Protecting Your Class: Safeguards for the Current Cybersecurity and Privacy Landscape

4/17/2024 12:00:00 AM

Originally published in:


Author: Derek Dragotta

Senior Vice President, Information Security, JND Legal Administration

Certified Information Systems Security Professional (CISSP®) and Certified Information Security Manager (CISM®), member ISACA and ISC².



Stay vigilant. 2023 was a banner year for bad actors and 2024 is shaping up to be the same. Ransomware and data breaches are still on the rise, as are the costs associated with them. AI, aside from its legitimate value, is allowing bad actors, even those with limited skills and technology, to quickly shift tactics and generate more believable scams. There is a significant uptick in attempted fraudulent filings, especially in open-class settlements. Additionally, the multitude of new privacy legislation and other security requirements that govern our day-to-day activities are arriving like a torrent out of the floodgates. While flipping over your keyboard, and shouting “I can’t take it anymore” a’ la Billy Joel in “We Didn’t Start the Fire” may sound like a tempting reprieve, I can assure you there is a better way to maintain your sanity. For some assistance on that front, below are surefire ways you can protect your organization, and your class.


Follow your framework:  A successful information security program always starts with a proven framework. Without one, your control implementation will be unstructured and haphazard, at best, and auditing and assessing your program will be more difficult for you and anyone auditing your controls. You don't build a house without a blueprint, so why implement a security program without a framework? The U.S. Government's National Institute of Standards and Technology (NIST) and the independent International Organization for Standardization (ISO), for example, are industry standard frameworks with NIST's Cyber Security Framework (CSF), 800-171, and 800-53, and ISO's 27001 and 27002 being the most common. There are several other frameworks and standards available and some, such as, Payment Card Industry (PCI), Health Insurance Portability and Accountability Act (HIPAA), The Gramm-Leach-Bliley Act (GLBA), and the Health Information Trust Alliance (HITRUST) include controls geared towards organizations who operate in a particular industry, offer a specific service, or process certain types of data.  Find the one(s) that best meets your organization’s needs and begin assessing, deploying, and continuously monitoring the applicable controls in your environment to ensure they are operating effectively.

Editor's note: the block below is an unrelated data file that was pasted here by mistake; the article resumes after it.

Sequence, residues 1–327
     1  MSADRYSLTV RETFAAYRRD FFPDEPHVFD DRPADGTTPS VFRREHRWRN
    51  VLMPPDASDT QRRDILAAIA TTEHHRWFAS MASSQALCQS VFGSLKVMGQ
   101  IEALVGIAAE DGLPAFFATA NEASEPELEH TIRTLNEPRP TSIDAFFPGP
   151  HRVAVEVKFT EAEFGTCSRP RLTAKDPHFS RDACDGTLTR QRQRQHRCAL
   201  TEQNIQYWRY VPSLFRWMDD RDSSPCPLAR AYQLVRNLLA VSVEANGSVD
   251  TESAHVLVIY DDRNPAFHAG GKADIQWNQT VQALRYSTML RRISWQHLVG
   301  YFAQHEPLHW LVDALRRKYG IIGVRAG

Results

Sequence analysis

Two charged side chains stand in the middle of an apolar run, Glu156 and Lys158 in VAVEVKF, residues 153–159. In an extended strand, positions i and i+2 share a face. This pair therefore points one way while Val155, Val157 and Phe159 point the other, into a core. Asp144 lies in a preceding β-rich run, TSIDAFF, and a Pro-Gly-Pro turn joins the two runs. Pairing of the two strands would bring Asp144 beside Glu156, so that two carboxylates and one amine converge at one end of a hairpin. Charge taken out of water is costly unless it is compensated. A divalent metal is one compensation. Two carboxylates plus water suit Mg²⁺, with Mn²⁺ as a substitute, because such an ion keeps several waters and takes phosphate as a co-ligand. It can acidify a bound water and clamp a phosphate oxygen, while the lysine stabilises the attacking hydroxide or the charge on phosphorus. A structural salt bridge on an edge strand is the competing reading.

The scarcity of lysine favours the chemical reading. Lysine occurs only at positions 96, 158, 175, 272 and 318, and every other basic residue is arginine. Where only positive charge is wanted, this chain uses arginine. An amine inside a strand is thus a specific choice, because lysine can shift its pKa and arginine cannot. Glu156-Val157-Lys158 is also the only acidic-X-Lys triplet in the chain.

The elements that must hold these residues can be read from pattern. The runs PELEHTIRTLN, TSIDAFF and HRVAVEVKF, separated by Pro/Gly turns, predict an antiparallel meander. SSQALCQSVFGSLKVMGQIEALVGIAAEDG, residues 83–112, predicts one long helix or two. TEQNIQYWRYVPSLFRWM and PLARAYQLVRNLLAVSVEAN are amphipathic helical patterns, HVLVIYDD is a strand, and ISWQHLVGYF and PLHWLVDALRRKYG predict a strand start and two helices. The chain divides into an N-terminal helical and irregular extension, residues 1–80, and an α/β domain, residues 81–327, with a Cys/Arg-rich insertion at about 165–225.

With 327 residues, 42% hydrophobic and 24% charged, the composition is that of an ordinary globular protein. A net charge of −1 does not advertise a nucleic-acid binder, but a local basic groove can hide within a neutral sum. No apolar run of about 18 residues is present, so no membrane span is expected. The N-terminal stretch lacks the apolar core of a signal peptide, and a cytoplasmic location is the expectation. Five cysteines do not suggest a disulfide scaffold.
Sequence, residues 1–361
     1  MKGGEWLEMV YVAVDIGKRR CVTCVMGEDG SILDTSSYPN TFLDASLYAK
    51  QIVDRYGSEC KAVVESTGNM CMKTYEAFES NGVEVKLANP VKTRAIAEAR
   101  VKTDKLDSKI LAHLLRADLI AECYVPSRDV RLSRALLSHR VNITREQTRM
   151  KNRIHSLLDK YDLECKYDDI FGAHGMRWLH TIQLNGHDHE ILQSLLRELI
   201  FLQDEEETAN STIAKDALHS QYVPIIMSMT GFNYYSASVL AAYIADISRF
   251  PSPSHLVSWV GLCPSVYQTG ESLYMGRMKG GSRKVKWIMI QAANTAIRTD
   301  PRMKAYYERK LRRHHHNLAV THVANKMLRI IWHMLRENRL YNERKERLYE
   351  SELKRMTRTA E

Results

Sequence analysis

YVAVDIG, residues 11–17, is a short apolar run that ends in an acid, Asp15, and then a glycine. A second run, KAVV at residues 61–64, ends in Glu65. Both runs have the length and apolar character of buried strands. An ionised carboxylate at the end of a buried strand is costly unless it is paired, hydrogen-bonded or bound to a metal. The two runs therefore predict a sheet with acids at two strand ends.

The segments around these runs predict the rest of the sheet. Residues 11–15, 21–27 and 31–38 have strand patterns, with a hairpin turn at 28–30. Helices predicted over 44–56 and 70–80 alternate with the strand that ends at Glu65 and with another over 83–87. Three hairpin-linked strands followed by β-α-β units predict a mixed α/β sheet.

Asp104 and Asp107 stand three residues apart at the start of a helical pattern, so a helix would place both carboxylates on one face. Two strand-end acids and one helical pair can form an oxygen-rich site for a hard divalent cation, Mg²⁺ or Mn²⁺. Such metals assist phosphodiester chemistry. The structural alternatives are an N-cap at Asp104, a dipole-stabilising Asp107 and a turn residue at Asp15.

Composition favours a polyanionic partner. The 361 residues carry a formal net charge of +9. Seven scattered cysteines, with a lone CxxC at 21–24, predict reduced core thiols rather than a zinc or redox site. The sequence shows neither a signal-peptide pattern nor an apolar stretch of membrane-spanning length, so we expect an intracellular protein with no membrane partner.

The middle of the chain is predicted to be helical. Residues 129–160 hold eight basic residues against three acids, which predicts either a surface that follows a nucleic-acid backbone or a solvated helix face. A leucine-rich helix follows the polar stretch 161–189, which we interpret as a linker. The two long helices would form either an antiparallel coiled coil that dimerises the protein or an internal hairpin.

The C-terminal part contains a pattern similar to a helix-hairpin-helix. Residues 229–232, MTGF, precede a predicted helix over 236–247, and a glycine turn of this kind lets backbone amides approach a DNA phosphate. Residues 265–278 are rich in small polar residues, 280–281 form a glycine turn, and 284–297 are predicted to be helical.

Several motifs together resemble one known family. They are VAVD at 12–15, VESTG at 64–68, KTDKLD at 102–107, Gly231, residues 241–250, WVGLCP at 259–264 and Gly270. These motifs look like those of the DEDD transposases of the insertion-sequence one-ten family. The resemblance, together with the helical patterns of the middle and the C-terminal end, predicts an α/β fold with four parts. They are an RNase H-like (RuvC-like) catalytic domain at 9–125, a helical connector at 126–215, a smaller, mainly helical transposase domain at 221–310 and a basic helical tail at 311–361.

What's on T.A.P.? Every framework is comprised of Technical, Administrative, and Physical controls intended to provide your organization with defense-in-depth protection. Implement as many controls as are applicable to your organization and ensure the intended objective is relevant and beneficial so controls provide real-world value. Implementing controls for the sake of checking a box can put a strain on resources and prevent you from addressing legitimate security concerns because you’re busy implementing controls for non-existent risk. ISO controls and those of similar frameworks tend to be more guidance-based, leaving open to interpretation how a control is designed and implemented. NIST's controls, on the other hand, tend to be much more direct and prescriptive. Regardless of which you select, be sure your framework is serving your organization and not the other way around. It is important to note that frameworks are not updated often, and certainly not at the speed at which technology, or bad actors, advance. To stay ahead of the curve, assess your controls and policies no less than annually, or whenever significant changes occur, to ensure you’re effectively managing risk. It is important to note that the depth of an organization’s controls also reflect their capabilities. For example, administrators who handle large, complex, class actions likely have a deeper bench of controls than those who don’t. Settlements that, for example, involve Healthcare providers, Credit Bureaus, Government Agencies, or large financial institutions, not only require the administrator have a robust framework but frequently include industry, regulatory, or client specific security requirements that fall outside of a normal control set.